Did you know that it is easy to grow tomato plants in pots using any fresh or overripe organic tomato that you have in the fridge. This is a better way to use tomatoes that have already reached their use-by date (rather than throwing them in the garbage).
You will need:
- A Pot
- Some Soil (Good organic soil, with compost is ideal)
- An organic tomato
- Water, and patience
1.Slice your Tomato
Firstly, cut your tomato in roughly into slices around 1/4 inch thick. This will make sure that when you bury it the seeds will have direct access to the soil.
2. Get the Soil Ready
Next fill a pot full of soil leaving a couple of inches free at the top. ( This couple of inches will be for the layer of Soil you put on top of the tomatoes to make sure they are covered.)
3.Plant the Tomato Slices
Then put the slices of tomatoes flat on top of the soil in the pot.
4. Cover with Soil
Once that is complete cover them with a light layer of soil.
Not too much or the new seedlings will be unable to push their way through.
5. Water and Wait
After about two weeks of watering you should see the seedlings begin to sprout and push through the soil.
6. Take the Strongest and Replant
Then take about four or five of the more strongest looking seedlings and move them to a new pot. As they grow, take the strongest ones and either plant them in your garden or look after them in the pot.
And that is all you need to do to grow your own tomato plants from an old tomato.
For more information go to the source and watch this video. Click Play to Watch and Listen.
Lee Hall also left a comment on the video with some good tips for those growing tomatoes in pots.
I have been growing tomatoes for 45 years now and I see a few of problems, with this method.
- If the tomato you use is a hybrid, like most grocery store tomatoes, it will not grow true, from seed. In other words, the plant you get will be one of the parent varieties of the tomato you used. This may or may not produce a desirable plant, with good fruit. It is a role of the dice.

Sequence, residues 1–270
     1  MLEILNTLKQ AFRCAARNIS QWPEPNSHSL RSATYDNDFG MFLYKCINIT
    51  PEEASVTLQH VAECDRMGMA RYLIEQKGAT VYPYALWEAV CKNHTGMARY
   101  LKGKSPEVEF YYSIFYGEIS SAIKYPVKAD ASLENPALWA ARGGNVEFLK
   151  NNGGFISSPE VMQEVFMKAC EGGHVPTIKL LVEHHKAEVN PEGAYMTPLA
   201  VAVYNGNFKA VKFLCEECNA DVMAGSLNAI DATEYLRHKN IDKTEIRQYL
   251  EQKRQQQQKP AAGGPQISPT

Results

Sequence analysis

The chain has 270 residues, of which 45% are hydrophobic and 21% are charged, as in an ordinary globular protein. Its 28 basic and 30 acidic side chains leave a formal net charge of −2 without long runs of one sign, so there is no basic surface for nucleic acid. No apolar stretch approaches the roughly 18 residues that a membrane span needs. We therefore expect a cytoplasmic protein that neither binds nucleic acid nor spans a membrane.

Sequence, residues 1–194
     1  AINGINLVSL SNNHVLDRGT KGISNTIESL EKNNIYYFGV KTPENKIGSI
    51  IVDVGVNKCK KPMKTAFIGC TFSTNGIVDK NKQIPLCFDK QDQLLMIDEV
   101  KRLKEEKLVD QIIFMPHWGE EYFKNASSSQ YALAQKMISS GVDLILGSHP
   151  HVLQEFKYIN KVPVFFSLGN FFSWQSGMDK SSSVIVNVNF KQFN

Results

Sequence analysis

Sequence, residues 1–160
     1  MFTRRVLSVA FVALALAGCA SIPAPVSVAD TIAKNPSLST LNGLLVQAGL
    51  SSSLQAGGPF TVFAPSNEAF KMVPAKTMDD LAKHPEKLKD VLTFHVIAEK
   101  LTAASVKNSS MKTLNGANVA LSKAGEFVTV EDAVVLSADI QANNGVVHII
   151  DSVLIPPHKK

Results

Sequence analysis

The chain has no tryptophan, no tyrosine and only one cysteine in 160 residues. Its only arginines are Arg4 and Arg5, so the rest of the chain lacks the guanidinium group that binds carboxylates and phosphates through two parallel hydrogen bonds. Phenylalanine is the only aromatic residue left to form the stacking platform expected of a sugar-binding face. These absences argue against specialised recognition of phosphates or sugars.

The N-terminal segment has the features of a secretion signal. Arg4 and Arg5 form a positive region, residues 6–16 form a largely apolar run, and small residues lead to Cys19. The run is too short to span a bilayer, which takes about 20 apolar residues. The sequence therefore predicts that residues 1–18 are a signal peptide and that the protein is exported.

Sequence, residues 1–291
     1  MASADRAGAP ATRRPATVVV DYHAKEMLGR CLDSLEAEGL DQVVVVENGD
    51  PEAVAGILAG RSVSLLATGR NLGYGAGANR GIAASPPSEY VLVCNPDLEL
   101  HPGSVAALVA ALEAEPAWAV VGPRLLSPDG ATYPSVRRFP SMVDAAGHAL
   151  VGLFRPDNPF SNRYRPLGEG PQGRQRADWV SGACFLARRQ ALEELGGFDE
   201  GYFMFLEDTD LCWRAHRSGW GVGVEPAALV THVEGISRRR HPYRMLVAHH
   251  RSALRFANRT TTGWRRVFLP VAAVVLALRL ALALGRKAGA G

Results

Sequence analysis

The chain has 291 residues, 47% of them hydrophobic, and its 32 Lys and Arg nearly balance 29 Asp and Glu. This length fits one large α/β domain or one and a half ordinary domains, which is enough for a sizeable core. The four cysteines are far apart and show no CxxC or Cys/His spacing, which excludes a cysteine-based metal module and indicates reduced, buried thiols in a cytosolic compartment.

(**If you use certified organic tomatoes this shouldn’t be such a problem)
- It may be possible to grow tomatoes, in very small containers, in northern climes. This won’t work, where there are hot summers.
I would recommend using a container that is at least 15 gallons. Muck Buckets, (most of which are 17 gallons) with drainage holes drilled in the bottom, WILL work, if you are very attentive with watering, avoiding under-watering or over-watering.
The problem with small containers is that you can water a plant, in a container that is less than 10 gallons in the morning and if it turns out to be a very hot day, your plant may be wilted, by the afternoon. I know this, from personal experience. Regular potting soil does not hold water well. You will need some Pro-Mix or similar growing medium, in order to get decent results. (A good Compost/Mulch would probably do here)
When I was using containers, I used Pro-Mix with compost and worm castings added. After quite a few years of experimenting with container growing, I came to the conclusion that it just isn’t worth my time and effort. I have since started growing almost exclusively in straw bales, which work better than containers, natural ground, or raised beds, when properly prepared.
Not only are tomatoes tasty and great to eat. Did you know that they are also Jam packed full of goodness, especially if they have been grown in your own richly mulched and fertilized organic garden.
They are full of Vitamin C and other antioxidants which help combat the formation of free radicals known to cause cancer. Also Lycopene, found in tomatoes, has been linked to prostate cancer prevention in a number of studies. (So men, eat your tomatoes)
Also, because they are rich in lycopene, lutein and beta-carotene they can have a role in protecting the eyes against light induced damage, such as cataracts and macular degeneration.
These are only a few of the benefits and incentives to grow tomatoes, so I hope and wish you all the best in moving forward to create your own Organic Garden.
Interesting book on Companion Planting